Jeff Bezos’ space company Blue Origin is fighting NASA’s decision to award SpaceX $2.9 billion to land astronauts on the Moon by 2024. NASA’s Human Landing System program, which funded the development of three rival lunar lander prototypes (including Blue Origin’s), was expected to pick two of those landers in April. But NASA opted for just one — SpaceX’s Starship — because of short funding from Congress.
Blue Origin’s 175-page protest, filed with the Government Accountability Office less than two weeks after SpaceX won the contract, accuses NASA of misjudging several parts of its proposal for Blue Moon, the lunar lander it’s developing with a “National Team” of established space and defense contractors: Northrop Grumman, Lockheed Martin, and Draper.
NASA announced its decision to pick SpaceX’s Starship rocket system on April 16th, citing the spacecraft’s proposed cost and cargo capacity as key reasons for beating both Blue Origin and Dynetics, the third company bidding for the contract. Under the contract, NASA said, Starship will fly two demonstration missions — one uncrewed test mission to the lunar surface, and another mission carrying humans around 2024.
“NASA has executed a flawed acquisition for the Human Landing System program and moved the goalposts at the last minute,” Blue Origin said in a statement released on Monday, calling NASA’s decision “high risk.”
“Their decision eliminates opportunities for competition, significantly narrows the supply base, and not only delays, but also endangers America’s return to the Moon. Because of that, we’ve filed a protest with the GAO,” the statement read. NASA did not immediately respond to a request for comment on the protest.
SpaceX CEO Elon Musk responded to the protest with a crude tweet: “Can’t get it up (to orbit) lol,” he said, apparently referring to the fact that Blue Origin hasn’t launched anything into orbit.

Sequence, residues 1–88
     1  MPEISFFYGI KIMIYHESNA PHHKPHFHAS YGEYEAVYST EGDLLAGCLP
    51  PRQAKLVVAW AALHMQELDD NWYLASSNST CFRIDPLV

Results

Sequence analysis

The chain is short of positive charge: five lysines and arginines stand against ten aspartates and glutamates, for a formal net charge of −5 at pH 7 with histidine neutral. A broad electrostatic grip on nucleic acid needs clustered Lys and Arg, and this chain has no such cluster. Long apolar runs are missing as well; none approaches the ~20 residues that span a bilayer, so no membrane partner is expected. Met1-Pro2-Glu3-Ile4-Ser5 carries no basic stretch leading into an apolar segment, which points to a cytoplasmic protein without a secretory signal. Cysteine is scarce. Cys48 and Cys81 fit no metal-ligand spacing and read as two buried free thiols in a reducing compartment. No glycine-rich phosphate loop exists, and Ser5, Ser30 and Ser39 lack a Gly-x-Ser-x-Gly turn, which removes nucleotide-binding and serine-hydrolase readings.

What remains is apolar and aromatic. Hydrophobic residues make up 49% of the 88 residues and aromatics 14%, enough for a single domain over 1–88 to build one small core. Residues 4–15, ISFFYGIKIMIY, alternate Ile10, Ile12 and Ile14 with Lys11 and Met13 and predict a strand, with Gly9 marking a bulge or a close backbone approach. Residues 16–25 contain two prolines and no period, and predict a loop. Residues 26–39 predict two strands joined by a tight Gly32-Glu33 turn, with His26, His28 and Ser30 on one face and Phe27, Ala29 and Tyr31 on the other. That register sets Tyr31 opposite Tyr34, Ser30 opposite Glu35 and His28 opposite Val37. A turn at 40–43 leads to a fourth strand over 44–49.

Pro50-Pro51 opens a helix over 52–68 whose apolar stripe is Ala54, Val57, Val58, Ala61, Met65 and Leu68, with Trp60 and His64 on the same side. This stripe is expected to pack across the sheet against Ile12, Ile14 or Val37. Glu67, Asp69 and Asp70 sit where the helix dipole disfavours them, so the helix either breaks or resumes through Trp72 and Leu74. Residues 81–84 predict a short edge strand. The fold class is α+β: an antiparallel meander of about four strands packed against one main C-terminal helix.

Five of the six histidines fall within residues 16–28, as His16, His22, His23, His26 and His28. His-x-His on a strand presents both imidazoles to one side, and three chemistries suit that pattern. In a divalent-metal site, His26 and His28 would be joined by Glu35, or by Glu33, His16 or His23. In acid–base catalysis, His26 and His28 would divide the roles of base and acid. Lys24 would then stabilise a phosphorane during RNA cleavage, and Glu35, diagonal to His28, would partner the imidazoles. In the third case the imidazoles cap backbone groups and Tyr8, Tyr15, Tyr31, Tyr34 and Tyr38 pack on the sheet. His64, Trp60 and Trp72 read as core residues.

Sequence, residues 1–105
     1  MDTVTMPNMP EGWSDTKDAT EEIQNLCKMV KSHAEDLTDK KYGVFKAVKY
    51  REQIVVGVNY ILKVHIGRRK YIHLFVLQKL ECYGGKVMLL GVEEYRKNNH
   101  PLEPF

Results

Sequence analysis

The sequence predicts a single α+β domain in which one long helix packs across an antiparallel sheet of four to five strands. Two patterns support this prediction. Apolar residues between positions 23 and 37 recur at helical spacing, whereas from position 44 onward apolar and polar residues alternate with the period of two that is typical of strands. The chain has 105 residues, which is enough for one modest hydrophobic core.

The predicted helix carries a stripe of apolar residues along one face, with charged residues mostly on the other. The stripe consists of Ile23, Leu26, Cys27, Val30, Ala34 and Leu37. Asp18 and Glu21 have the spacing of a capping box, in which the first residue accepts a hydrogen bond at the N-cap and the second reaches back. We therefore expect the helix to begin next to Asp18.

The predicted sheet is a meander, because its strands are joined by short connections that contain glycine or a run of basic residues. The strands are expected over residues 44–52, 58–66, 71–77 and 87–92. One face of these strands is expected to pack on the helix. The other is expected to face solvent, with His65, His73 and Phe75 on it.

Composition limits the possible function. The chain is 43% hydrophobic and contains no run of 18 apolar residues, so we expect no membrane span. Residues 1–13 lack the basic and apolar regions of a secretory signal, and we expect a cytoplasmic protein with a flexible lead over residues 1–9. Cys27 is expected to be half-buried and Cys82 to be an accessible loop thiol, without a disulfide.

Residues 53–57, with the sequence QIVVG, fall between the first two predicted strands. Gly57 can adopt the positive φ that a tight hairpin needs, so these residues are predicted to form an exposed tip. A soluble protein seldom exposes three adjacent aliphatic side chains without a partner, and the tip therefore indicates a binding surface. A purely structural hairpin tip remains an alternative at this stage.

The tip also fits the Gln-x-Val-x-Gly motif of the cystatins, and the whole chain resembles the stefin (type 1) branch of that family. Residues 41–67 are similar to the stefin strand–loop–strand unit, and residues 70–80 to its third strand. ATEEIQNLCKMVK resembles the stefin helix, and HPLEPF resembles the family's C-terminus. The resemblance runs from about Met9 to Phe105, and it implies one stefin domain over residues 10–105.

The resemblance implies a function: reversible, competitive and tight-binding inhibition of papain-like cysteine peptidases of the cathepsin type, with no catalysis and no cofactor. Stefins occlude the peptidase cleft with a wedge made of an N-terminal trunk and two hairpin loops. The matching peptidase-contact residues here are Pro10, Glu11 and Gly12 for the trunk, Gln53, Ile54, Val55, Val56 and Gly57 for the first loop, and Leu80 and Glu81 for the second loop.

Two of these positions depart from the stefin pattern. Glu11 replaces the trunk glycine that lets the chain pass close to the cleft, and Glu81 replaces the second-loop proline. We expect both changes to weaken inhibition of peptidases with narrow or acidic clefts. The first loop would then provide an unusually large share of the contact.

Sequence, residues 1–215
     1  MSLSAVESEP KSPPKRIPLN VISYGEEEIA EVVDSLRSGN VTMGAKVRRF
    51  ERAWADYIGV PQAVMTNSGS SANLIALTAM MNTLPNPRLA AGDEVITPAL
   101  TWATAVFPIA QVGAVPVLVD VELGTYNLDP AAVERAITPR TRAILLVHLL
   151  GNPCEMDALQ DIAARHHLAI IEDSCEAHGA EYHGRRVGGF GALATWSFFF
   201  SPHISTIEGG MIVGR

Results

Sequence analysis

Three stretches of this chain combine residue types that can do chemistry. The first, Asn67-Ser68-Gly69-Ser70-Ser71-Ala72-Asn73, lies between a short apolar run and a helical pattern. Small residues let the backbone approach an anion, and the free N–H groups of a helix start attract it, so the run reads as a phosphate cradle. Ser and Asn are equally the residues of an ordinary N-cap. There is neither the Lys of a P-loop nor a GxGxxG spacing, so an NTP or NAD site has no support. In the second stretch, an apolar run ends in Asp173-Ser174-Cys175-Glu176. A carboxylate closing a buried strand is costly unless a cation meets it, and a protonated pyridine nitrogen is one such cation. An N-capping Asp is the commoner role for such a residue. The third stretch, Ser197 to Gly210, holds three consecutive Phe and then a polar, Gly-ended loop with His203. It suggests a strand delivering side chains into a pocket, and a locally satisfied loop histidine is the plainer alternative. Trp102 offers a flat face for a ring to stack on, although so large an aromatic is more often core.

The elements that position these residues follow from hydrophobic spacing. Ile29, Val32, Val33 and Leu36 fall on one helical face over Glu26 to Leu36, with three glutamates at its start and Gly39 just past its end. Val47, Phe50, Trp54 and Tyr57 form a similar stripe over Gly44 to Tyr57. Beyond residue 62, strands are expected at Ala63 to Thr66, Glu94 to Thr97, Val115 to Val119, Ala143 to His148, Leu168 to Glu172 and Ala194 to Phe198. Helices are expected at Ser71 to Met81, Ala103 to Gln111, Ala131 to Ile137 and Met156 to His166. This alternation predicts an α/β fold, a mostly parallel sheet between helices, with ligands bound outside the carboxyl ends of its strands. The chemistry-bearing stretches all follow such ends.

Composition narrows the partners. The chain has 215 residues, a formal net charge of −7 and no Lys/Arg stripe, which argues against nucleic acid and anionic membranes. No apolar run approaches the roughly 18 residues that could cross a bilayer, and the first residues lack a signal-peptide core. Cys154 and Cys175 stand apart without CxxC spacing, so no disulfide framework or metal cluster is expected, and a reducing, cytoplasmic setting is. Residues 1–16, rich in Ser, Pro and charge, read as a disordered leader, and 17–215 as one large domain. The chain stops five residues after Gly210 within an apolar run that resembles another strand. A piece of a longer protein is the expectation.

The lunar lander contract is the centerpiece of NASA’s Artemis program, the agency’s effort to put the first astronauts since Apollo back on the Moon and use the lunar surface as a springboard for future missions to Mars. Last year, Congress gave NASA $850 million of the $3.3 billion it requested to procure the lunar landers. NASA cited that funding shortfall as a reason that it only picked SpaceX’s Starship, instead of picking two companies, as was expected.
In its filing, Blue Origin claims NASA didn’t provide the company an opportunity to revise their proposal after learning about the short funding from Congress. The company also claimed NASA unfairly favored SpaceX and ignored technical challenges related to Starship, including the rocket system’s unproven technique to refuel itself in orbit.
“The Agency unreasonably favored SpaceX’s evaluation by minimizing significant risks in SpaceX’s design and schedule, while maximizing the same or similar risks in Blue Origin’s proposal. Such an evaluation is unreasonable and prejudiced Blue Origin,” the filing read.
The GAO can act as a court for procurement disputes between companies and federal agencies. Reviewing protests like Blue Origin’s, the watchdog agency will choose to either reject or sustain them. If Blue Origin’s protest is sustained — which is rare — the GAO would issue a set of recommendations for NASA. It’s extremely rare for agencies to defy GAO recommendations.
In its protest, Blue Origin asked the GAO to recommend that NASA rescind its award to SpaceX, reissue the competition with a new statement that reflects the funding shortfall, and convene discussions with all bidders on the new process.
This isn’t Blue Origin’s first bid protest. In 2019, the company challenged the Air Force’s strategy to pick two of four bidding companies to launch the Pentagon’s satellites into space for the next several years. The GAO sustained part of that protest, but it didn’t hand Blue Origin the win it sought.
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